When thirty-year-old English teacher Anna Emerson is offered a job tutoring T.J. Callahan at his family’s summer rental in the Maldives, she accepts without hesitation; a working vacation on a tropical island trumps the library any day. T.J. Callahan has no desire to leave town, not that anyone asked him. He’s almost seventeen and if having cancer wasn’t bad enough, now he has to spend his first summer in remission with his family – and a stack of overdue assignments – instead of his friends.

Anna and T.J. are en route to join T.J.’s family in the Maldives when the pilot of their seaplane suffers a fatal heart attack and crash-lands in the Indian Ocean. Adrift in shark-infested waters, their life jackets keep them afloat until they make it to the shore of an uninhabited island.

Now Anna and T.J. just want to survive and they must work together to obtain water, food, fire, and shelter. Their basic needs might be met but as the days turn to weeks, and then months, the castaways encounter plenty of other obstacles, including violent tropical storms, the many dangers lurking in the sea, and the possibility that T.J.’s cancer could return. As T.J. celebrates yet another birthday on the island, Anna begins to wonder if the biggest challenge of all might be living with a boy who is gradually becoming a man.

Before we get into the review, please note that On the Island is an adult title. At the beginning of the book, one of the characters is a teenager, but at over 300 pages we cover 3-4 years of their lives. That said, there isn’t much here that isn’t suitable for teens. As always, use your best judgement!

I’ve always been kind of fascinated about survival stories. I’m not a complete girly-girl, but camping has never been my strong suit. When I first heard of On The Island I knew I wanted to read it.

You can’t help but feel for TJ, he’s been sick for awhile and is finally feeling better. Now he’s having to spend his summer with his family and a tutor on an island. Anna’s boyfriend won’t propose so she decides to accept the chance to tutor TJ without hesitation. A summer working on an island.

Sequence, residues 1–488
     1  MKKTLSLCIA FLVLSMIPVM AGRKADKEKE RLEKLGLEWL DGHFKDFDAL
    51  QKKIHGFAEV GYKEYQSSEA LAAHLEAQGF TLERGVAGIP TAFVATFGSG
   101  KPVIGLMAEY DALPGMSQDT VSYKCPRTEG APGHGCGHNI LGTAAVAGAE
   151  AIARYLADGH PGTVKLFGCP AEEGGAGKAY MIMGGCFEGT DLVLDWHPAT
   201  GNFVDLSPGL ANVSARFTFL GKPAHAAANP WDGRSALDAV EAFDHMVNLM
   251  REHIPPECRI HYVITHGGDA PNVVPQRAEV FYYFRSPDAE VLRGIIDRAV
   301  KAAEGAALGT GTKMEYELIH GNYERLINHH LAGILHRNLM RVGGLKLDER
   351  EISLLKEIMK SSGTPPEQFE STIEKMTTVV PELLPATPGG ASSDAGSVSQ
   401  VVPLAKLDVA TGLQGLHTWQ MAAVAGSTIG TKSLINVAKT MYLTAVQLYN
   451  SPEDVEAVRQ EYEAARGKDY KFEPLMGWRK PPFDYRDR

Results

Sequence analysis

Their life on the island is heart-wrenching. Here’s this 16 year old teen stuck with his 30 year old tutor, granted they get along great, but it’s not exactly the ideal situation. As a reader, I couldn’t help but feel for each character. The entire world they’d created while on the island was terrifying, yet fascinating. I love that their relationship, especially the romantic side, felt so realistic. They didn’t just hop into anything, it gradually happened as TJ grew into a man instead of a boy.

On the Island is the sort of book that leads to many of those questioning trains of thought – “Would I be able to light a fire?” and even the more shallow thoughts like “What if I had no shampoo?”. Upon finishing On the Island, I’ve been haunted for days with these thoughts.

Now for the negative, I loved this book, but at times I felt like the writing style left something to be desired. Particularly in the transitions of time, it felt like something was just missing. I’m going to admit, it’s one of those times I can’t really articulate what I want, but I know I want something more. It was just awkward enough I felt pulled out of the story before I got sucked in, I know many of you know what I’m talking about. That said, those moments were few and within a paragraph or two I was right back in the story.

I had heard about On the Island for awhile before reading it, but now that I have I definitely see the appeal. I cannot wait to read more from Garvis-Graves.

I received my copy of On the Island: A Novel in exchange for my honest opinion from the publisher as part of the blog tour.


Books Worth Reading: